Residents in eastern Newfoundland should get prepared by tying down loose items and stocking up on water and other supplies ahead of Hurricane Larry’s expected landfall, Premier Andrew Furey said Thursday.
The storm is on track to sweep across eastern Newfoundland Friday night, bringing high waves, torrential rain and possible coastal flooding, Environment Canada says.
Mr. Furey outlined the steps the government was taking to ensure the safety of residents.
“The utility companies have emergency measures plans in place, as do the regional health authorities,” he told reporters. “We don’t know what storms bring, but we can be prepared for the worst.”
A hurricane warning was in effect late Thursday for the Avalon Peninsula, including St. John’s, while tropical storm warnings were in effect for the Burin and Bonavista peninsulas just to the west.
Environment Canada said Larry is expected to quickly downgrade into a post-tropical storm once it gets over colder Canadian waters, but it will bring heavy rainfall of up to 50 millimetres. The agency added that the region could experience winds of up to 130 kilometres an hour.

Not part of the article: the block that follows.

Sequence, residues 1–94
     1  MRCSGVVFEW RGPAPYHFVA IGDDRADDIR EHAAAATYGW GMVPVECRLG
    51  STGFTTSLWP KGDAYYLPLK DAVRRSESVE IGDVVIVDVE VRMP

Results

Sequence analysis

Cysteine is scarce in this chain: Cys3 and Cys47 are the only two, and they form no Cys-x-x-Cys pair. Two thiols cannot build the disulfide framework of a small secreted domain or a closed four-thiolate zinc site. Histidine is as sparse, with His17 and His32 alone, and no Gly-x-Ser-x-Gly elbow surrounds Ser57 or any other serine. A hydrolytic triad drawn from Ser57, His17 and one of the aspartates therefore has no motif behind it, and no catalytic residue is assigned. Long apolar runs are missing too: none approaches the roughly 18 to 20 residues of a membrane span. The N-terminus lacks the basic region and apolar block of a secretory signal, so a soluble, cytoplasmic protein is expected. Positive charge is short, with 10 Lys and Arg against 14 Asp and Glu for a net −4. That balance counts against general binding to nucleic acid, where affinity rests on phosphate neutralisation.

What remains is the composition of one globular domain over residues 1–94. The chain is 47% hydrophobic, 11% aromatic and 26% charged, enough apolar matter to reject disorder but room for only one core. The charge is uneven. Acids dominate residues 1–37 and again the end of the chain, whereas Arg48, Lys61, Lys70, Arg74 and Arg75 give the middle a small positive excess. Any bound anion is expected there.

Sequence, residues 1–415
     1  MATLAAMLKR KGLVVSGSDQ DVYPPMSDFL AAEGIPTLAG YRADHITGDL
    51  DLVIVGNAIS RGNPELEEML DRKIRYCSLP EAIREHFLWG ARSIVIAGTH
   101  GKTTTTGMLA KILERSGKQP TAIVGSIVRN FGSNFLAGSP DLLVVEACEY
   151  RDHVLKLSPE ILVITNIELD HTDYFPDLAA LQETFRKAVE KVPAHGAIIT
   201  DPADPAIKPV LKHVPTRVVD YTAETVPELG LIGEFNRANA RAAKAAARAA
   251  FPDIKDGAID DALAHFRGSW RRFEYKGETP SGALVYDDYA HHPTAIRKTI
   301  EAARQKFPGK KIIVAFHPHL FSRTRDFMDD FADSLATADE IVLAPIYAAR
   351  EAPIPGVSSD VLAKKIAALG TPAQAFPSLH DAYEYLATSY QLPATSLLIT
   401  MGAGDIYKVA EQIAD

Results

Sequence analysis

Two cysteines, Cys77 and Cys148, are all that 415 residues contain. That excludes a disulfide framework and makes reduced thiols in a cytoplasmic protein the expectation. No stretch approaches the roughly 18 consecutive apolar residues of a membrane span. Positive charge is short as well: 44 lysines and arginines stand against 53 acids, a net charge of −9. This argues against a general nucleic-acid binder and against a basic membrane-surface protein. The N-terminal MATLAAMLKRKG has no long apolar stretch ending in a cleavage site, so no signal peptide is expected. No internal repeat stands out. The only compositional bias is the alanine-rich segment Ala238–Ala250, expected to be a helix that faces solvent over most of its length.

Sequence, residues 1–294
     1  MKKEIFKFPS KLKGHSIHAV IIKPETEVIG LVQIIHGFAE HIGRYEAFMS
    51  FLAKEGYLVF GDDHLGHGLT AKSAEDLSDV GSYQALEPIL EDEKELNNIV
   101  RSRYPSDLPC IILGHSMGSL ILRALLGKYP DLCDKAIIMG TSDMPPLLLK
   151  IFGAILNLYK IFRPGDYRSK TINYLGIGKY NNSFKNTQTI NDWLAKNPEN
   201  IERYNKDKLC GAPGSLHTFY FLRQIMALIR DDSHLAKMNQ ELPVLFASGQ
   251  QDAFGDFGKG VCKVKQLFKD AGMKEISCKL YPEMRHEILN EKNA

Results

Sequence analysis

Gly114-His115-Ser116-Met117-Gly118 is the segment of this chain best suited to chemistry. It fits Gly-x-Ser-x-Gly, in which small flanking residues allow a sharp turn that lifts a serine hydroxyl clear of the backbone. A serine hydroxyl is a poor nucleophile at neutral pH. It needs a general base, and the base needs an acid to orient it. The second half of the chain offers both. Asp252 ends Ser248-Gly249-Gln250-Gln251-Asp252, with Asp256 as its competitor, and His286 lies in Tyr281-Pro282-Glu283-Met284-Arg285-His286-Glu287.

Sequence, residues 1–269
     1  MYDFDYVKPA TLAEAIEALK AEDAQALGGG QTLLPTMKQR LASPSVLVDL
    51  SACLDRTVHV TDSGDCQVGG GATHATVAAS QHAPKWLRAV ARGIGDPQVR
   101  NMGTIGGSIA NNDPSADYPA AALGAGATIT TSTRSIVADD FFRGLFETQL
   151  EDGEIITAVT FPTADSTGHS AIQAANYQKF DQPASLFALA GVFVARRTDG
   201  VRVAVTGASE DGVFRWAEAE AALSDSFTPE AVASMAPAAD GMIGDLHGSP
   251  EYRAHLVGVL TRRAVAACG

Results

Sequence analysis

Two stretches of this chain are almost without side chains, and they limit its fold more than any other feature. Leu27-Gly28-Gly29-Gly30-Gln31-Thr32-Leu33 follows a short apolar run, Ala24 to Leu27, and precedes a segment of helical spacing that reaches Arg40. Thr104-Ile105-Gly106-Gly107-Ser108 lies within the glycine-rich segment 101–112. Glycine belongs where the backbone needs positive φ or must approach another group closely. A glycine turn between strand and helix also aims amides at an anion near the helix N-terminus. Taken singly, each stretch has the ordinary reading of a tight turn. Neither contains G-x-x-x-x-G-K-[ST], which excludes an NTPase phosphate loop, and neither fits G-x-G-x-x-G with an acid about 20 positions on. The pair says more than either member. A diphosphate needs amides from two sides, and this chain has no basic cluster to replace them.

Bob Robichaud, a warning preparedness meteorologist, told reporters Thursday afternoon the storm was still about 1,700 kilometres from landfall at Cape Race, and it was not expected to weaken in the following 12 to 24 hours. He added the centre of the storm is set to track over the Avalon Peninsula.
Though there is set to be heavy rain, Mr. Robichaud said the main concern is the high winds that could cause damage within the area.
“We’ve seen it many, many times where when you get those winds, you tend to have uprooted trees, broken tree limbs, power outages, even in some cases some structural damage as well,” he said.
Mr. Robichaud added, however, the worst of the storm should track over the St. John’s area between midnight and 3 a.m. Saturday morning, meaning quieter roads and fewer people outdoors.
St. John’s city councillor Maggie Burton released a statement Thursday calling for a robust emergency preparedness plan to be put in place to ensure the safety of the province’s most vulnerable residents.
In the week following the 2020 blizzard dubbed “Snowmageddon,” which led to a state of emergency in St. John’s, Ms. Burton said she was on the ground supplying residents with food, supplies and medication they weren’t able to get on their own. That’s why she’s now asking the government to step up to prevent citizens from falling through the cracks.
“If our emergency preparedness fails to take into account the most vulnerable, it is incomplete,” Ms. Burton said.
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